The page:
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Tyler relieved to put injury hell behind him and go to war in derby clash

By Rauidhri O'Connor

Listening to Tyler Bleyendaal talk about Munster's performance levels against Leinster being "non-negotiable", it becomes clear that the New Zealander's leadership credentials are now firmly established.

He is deep into the third season of a frustrating stint in Ireland and only now are fans and team-mates really getting to know what kind of player the man schooled at Dan Carter's Christchurch Boys - and who went on to captain the New Zealand U-20s - can be. A year ago, he started against Leinster in Thomond Park during one of his attempted comebacks from injury and looked understandably tentative and sluggish as the province crashed to a dreaded home defeat to their rivals.

Within weeks he was injured again as questions were raised over whether Munster might ever see the best of the Kiwi.

On Monday, a different Bleyendaal will take the field at the same venue. Although not 100 per cent injury-free, this season he has had a solid run of games at No 10, and a more commanding figure has emerged.

Last week's blip at Welford Road aside, he has kicked well from hand and from the tee, while his decision-making has impressed as he grows his relationship with Conor Murray.

Since Ronan O'Gara retired, Munster fans have fretted over the position of out-half.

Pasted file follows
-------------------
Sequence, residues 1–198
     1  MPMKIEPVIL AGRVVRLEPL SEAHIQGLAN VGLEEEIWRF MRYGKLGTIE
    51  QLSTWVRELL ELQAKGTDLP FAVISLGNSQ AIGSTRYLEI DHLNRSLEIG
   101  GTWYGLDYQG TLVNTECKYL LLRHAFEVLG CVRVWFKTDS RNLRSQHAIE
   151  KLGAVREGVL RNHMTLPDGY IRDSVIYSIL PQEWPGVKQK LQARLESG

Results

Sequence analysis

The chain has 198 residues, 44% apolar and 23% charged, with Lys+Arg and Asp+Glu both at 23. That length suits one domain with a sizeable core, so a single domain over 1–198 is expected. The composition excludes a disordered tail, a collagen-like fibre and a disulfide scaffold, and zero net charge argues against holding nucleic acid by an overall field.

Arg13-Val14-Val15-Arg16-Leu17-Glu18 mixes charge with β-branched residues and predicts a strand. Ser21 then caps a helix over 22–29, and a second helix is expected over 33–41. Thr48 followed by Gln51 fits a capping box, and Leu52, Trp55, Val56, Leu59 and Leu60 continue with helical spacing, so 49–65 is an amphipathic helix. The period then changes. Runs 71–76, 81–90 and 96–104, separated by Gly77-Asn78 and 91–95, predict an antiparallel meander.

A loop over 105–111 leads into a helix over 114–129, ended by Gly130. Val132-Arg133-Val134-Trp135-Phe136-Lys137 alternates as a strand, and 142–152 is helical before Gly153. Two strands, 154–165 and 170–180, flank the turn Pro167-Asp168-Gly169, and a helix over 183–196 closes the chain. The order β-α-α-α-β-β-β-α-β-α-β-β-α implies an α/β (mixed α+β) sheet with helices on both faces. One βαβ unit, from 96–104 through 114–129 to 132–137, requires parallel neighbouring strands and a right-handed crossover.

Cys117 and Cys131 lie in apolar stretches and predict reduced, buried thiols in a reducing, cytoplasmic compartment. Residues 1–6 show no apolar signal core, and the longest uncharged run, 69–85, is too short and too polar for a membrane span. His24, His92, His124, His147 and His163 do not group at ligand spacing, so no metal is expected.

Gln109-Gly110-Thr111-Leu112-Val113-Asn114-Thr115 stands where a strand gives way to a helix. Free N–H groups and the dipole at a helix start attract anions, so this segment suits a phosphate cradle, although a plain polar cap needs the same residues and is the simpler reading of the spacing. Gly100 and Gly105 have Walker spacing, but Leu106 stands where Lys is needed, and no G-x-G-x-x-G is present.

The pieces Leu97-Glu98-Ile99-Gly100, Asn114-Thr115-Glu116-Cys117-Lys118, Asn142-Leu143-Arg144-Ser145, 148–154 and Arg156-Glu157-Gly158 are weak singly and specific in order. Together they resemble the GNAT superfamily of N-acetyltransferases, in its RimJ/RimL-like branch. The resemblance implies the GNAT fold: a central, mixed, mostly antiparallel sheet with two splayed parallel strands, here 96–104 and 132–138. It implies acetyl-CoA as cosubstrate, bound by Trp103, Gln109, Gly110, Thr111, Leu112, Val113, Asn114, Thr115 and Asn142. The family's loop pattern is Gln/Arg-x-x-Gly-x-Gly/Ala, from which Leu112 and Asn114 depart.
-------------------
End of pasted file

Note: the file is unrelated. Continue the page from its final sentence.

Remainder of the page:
Ian Keatley has had his moments, JJ Hanrahan burned bright but left and Johnny Holland was forced to retire.

All the while, the man the late Anthony Foley signed on Rob Penney's recommendation was struggling to prove his fitness.

Bleyendaal was always meant to lead Munster's backline; now we're beginning to see why. And, as he grows in confidence, so his authority increases.

"That's non-negotiable, we have to up our intensity massively," he says of his team's need to improve from their defeat to Leicester Tigers when they take on Leinster.

"It wasn't where we needed it to be at Welford Road and we're going to have to improve that for sure.

"We had a great performance the week before and we didn't perform last weekend. We were beaten by a better Leicester team which is disappointing.

"We were building nicely, we had a good stretch of games and performances and, look, we just didn't turn up to the extent that we needed to.

"Then we still had a chance to win the game and that was even more disappointing that we felt we could have snatched the game at the end, but fair play to Owen Williams - he got the kick at the end.

"We'll be brutally honest. We have to fix certain aspects of our game and make big improvements because the challenge that Leinster will pose for us will be very similar, as well as their being a great attacking team too."

Understandably, Bleyendaal's focus is firmly on the future as he looks to put his years of injury problems behind him.

He arrived late in Ireland after suffering a career-threatening neck injury, and his comeback was thwarted by a subsequent quad problem that ruined last season.

People were beginning to give up on the man who was once talked of as a potential successor to Carter in a black jersey.

Now, his form is pointing towards him emerging as a rival to Johnny Sexton and Paddy Jackson when he qualifies to play for Ireland in 2018.

At the moment, he is just enjoying being fit and leading his team.

"I am enjoying being out there," he says.

"This game is special. You draw the calendar out and everyone looks at the Leinster matches home and away and we're lucky to have the home one on St Stephen's Day and in front of 26,000 people; it will be amazing."

Belfast Telegraph

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